Many Keynesian Monetarists would likely argue that a primary reason that the US economy is faring better than Europe’s is that the ECB stayed tighter for longer than the Fed. Empirically, it’s tough to argue with such thinking. Now that the ECB has undergone two separate LTRO operations though, the ECB’s balance sheet has quickly caught back up to the size of the Fed’s.
For now the expansion has had a limited effect on the European economy, but it may have had a greater effect on the currency than most are noticing. The increase in the size of the ECB’s balance sheet may be an alternative explanation for the recent struggles of the Euro vs. the Dollar. The chart below compares the relative size of the Fed’s balance sheet and the ECB’s. It shows that since 2009 major trading patterns in the Euro have tracked the relative expansion of the ECB’s balance sheet relative to the US. In times that the Fed’s balance sheet expanded faster than the ECB’s (the red line moves higher) The Euro strengthened relative to the dollar. In the past five months the ECB’s balance sheet has grown much faster than the Fed’s and the Euro has weakened. Of course, prior to 2009 this relationship moved in the opposite direction, but prior to then the monetary environment was a little more stable than it is today.
There are ~6 million companies operating in the United States employing 114 million people. The average company therefore employs about 20 people.
Below is a comparison of GDP per capita growth and levels in a selection of European countries vs. the US and Japan. It’s probably surprising to most that Spain has grown GDP per capita faster than the 6 other countries in this sample since 1980. It’s probably even more surprising that Japan has grown this metric (which is a more accurate measurement of individual well being than aggregate GDP) faster than the US or Germany.
There was a comment on CNBC this morning about a “rare” press conference being held by president Obama, which sparked this post. Below is a chart of the average number of press conferences held per year by 20th century presidents. GW Bush was often criticized for not holding enough press conferences but compared to Nixon and Reagan he was ubiquitous. Compared to Coolidge, Hoover and Roosevelt though he was less than accessible. Obama has held press conferences with roughly the same frequency as Bush, although Obama supporters may point out that more of Obama’s press conferences have been solo rather than tandem with another political leader. Either way, there’s not necessarily a correlation between quantity and quality. It’s safe to assume there is a high amount of fluff in any presidential press conference.
It may seem like a distant memory by now, but you may recall that 1Q12 was one of the best quarters of all time for the S&P 500. While Q2 has started off on bad footing, there is still a little over a month left for the index to recover. In fact, if the quarter closed now, it would be somewhat anomalous as a 2Q followup to a great Q1. The most the index fell in Q2 after a double digit Q1 was 1.1%. Currently we are down 6.8%.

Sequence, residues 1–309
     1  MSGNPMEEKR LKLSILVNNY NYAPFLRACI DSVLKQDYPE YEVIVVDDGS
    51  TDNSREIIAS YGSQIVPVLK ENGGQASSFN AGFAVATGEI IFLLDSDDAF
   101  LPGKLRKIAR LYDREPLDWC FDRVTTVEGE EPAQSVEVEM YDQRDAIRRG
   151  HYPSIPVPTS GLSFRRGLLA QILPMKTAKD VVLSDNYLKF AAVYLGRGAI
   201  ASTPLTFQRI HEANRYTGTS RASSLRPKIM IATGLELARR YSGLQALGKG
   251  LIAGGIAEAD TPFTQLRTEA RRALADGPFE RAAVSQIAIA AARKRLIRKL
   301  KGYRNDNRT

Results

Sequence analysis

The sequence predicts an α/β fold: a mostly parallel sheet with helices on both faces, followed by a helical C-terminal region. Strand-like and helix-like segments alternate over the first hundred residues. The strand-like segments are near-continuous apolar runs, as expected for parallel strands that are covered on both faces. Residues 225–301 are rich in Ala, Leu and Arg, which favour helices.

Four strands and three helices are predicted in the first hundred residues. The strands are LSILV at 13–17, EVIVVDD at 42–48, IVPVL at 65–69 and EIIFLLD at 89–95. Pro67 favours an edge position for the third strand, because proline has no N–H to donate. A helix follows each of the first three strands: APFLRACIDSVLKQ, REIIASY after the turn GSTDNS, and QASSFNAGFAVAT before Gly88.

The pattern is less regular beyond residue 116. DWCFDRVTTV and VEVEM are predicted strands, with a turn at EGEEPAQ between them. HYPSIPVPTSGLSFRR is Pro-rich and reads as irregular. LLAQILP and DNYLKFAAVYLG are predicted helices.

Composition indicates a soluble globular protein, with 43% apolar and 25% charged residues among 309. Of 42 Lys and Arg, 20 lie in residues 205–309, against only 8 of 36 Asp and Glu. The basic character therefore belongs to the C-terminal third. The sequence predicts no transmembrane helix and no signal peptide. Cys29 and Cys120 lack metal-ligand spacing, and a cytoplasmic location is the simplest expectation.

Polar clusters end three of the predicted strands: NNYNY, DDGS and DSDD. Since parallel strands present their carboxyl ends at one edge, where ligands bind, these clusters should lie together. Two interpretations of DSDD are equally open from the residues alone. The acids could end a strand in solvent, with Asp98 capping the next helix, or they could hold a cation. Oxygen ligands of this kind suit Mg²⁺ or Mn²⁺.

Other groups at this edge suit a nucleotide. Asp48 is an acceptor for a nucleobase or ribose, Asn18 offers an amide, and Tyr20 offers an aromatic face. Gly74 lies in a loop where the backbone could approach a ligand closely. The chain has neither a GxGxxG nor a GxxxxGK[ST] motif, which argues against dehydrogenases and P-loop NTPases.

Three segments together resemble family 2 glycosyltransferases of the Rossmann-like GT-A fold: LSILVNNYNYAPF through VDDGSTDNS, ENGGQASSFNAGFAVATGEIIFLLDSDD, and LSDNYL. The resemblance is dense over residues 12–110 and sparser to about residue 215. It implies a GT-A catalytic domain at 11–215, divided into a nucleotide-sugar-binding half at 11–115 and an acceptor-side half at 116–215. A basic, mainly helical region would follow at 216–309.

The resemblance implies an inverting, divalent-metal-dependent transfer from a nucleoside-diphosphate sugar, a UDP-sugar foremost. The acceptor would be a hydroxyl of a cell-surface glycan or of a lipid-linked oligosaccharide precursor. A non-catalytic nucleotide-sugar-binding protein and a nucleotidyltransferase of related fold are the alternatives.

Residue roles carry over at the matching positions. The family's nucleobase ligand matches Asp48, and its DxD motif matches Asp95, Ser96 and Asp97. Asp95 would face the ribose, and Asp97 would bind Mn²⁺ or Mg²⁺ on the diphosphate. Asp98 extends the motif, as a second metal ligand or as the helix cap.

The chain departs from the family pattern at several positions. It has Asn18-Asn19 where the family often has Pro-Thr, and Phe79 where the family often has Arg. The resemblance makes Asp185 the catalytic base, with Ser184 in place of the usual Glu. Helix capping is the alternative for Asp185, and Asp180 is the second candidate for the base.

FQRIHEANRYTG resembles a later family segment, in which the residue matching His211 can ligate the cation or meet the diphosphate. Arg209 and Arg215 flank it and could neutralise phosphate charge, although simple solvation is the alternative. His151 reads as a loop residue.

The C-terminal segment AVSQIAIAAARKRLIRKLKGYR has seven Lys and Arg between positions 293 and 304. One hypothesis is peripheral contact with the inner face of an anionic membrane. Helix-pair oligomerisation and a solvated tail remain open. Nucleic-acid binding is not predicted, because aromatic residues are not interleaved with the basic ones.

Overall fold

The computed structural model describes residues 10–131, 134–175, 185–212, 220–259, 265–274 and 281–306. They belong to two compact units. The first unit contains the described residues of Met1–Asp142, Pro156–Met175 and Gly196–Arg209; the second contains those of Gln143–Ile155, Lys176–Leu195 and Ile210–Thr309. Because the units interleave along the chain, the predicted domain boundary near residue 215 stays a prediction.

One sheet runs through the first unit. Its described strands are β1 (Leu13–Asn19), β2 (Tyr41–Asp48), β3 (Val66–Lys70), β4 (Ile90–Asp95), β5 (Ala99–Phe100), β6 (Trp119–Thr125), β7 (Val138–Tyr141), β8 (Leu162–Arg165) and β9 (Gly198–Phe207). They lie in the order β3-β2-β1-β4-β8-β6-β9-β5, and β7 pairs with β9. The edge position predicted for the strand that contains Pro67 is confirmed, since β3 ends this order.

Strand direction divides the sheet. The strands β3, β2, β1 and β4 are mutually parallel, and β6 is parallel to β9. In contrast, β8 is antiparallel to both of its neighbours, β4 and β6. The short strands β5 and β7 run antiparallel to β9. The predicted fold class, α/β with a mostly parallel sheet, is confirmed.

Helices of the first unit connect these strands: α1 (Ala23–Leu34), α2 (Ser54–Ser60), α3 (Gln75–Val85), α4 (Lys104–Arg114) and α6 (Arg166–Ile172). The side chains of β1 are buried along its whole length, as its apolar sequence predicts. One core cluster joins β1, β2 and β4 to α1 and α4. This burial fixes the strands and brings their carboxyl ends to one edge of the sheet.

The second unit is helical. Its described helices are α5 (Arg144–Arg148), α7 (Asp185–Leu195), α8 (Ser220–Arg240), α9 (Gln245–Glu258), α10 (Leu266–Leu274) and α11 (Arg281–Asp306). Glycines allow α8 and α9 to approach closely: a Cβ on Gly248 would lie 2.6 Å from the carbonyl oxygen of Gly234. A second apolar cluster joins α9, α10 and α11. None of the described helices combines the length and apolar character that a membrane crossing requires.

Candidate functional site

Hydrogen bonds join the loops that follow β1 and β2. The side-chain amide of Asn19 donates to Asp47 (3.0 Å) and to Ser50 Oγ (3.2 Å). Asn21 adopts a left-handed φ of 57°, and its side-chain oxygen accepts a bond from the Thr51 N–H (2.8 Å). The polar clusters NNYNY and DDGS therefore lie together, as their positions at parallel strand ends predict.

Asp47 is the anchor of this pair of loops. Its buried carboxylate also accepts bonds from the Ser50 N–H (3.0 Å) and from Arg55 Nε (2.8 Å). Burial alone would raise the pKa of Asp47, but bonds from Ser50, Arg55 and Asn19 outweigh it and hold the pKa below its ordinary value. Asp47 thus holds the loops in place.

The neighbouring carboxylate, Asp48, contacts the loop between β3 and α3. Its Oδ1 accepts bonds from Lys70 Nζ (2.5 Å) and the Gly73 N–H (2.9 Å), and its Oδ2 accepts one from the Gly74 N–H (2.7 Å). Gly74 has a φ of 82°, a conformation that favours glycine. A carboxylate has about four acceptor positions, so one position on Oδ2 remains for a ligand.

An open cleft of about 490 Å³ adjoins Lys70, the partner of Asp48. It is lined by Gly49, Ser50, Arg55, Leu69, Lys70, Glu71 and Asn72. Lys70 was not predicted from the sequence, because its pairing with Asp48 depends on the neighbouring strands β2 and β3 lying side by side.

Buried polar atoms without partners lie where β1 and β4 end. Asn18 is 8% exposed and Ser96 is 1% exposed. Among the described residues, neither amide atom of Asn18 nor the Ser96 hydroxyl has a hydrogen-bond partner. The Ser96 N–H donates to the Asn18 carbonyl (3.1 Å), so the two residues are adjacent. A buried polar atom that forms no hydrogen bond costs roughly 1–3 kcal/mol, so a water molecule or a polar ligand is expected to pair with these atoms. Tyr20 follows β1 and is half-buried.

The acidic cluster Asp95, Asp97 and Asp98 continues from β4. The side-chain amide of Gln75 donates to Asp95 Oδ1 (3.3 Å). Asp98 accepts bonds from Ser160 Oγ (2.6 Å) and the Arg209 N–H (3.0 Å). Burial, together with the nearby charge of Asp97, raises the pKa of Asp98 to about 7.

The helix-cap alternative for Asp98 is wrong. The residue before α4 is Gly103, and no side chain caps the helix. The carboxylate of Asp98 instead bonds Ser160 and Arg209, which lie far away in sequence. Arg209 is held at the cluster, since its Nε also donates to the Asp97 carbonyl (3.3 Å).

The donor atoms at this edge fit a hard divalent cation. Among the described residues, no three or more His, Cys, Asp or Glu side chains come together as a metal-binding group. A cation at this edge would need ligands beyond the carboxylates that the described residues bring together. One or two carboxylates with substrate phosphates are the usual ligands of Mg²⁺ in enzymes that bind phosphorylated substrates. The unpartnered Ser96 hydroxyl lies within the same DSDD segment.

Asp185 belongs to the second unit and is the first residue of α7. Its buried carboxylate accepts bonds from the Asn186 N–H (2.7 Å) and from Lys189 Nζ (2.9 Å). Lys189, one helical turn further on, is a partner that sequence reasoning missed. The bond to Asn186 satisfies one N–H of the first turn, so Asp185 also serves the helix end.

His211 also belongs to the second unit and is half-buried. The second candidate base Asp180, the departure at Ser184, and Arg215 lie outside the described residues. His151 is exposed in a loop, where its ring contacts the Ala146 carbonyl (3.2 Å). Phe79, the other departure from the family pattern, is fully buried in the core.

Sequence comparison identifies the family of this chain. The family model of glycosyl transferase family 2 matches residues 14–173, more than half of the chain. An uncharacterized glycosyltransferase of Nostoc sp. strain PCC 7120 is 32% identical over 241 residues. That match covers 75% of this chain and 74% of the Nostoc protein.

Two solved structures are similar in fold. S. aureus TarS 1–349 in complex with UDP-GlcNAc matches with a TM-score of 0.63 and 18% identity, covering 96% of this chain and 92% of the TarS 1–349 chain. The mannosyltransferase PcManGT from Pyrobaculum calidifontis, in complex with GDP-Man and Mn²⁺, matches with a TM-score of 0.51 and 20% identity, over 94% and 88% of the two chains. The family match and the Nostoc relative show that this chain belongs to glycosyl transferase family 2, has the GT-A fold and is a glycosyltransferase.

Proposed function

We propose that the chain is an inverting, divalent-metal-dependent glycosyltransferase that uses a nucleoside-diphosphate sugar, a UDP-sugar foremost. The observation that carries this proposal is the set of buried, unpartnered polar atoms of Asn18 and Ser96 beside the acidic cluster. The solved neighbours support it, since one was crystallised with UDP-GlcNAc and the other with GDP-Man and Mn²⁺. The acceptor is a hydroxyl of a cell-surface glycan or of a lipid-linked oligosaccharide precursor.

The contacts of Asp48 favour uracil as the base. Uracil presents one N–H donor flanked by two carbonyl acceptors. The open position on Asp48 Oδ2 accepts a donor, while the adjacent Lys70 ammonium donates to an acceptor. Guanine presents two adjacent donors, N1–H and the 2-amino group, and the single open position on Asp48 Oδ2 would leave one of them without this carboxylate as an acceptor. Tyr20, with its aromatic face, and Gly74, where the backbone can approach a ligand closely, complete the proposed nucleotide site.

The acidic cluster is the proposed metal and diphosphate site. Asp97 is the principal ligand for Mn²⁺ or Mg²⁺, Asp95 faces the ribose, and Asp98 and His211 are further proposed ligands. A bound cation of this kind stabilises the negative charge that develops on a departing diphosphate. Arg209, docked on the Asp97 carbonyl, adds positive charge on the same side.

So far this year I’ve had a couple of posts comparing 2012 to 2006. In January, I mentioned that 2009-2011 had unfolded in a very similar pattern to 2003-2005. Then again in April I mentioned that if this relationship were going to maintain itself then we would have to have a steep correction on the S&P. Well, correct we have, and so here’s an updated version of the 2006 vs. 2012 chart.
It may be coincidence or it may be a manifestation of an economic cycle, but either way it seems noteworthy that the 2003-2005 pattern continues to match the pattern of this bull market so closely. We find ourselves basically at the exact same level at the exact same time of year as we did in 2006.
While last week’s alphabet post was tongue in cheek, below is a chart of the year’s S&P 500 grouped by a factor that is slightly more relevant to forward returns. The chart compares the 2012 performance of the best and worst performing stocks of last year. It is broken down by quintile; 1 represents 2011’s worst performers, while 5 is the group of best performing stocks. The chart shows that so far the winners keep on winning in 2012. The best stocks of 2011 continue to outperform the index in 2012.
Since it’s Friday, here’s an offbeat post for the day. Below is the YTD performance of equal weighted portfolios consisting of stocks that begin with a given letter. Looks like the T portfolio has been the big winner so far this year, outperforming the S&P 500 by almost 4%. The J portfolio, powered by JNPR, JPM, JCP and JEC has gotten crushed though, down by 8% this year.
When is somebody going to create an index and ETF so investment managers can benchmark themselves against these portfolios? I would argue that weighting a portfolio by market cap (the S&P 500) is ultimately just as arbitrary as doing it by letter of the alphabet.
Intrade has become a popular source as a prediction engine for setting the odds of a future event happening. The total volume traded in the site’s most popular contract (the Obama-chances-of-being-reelected contract) is still pretty minimal though. Since December of 2010, there has been a total of $1.4m exchanged in this contract or ~$2,600 per day. Even in the OTC market, there are very few stocks that have such low volume.
As of this moment, the S&P 500 is on pace to post its 3rd worst performance in May since 1957. Of course, there are still 10.5 trading days left this month. Below is a list of the 10 worst months of May for the S&P 500 since 1957.
Worst Performance in May for S&P 500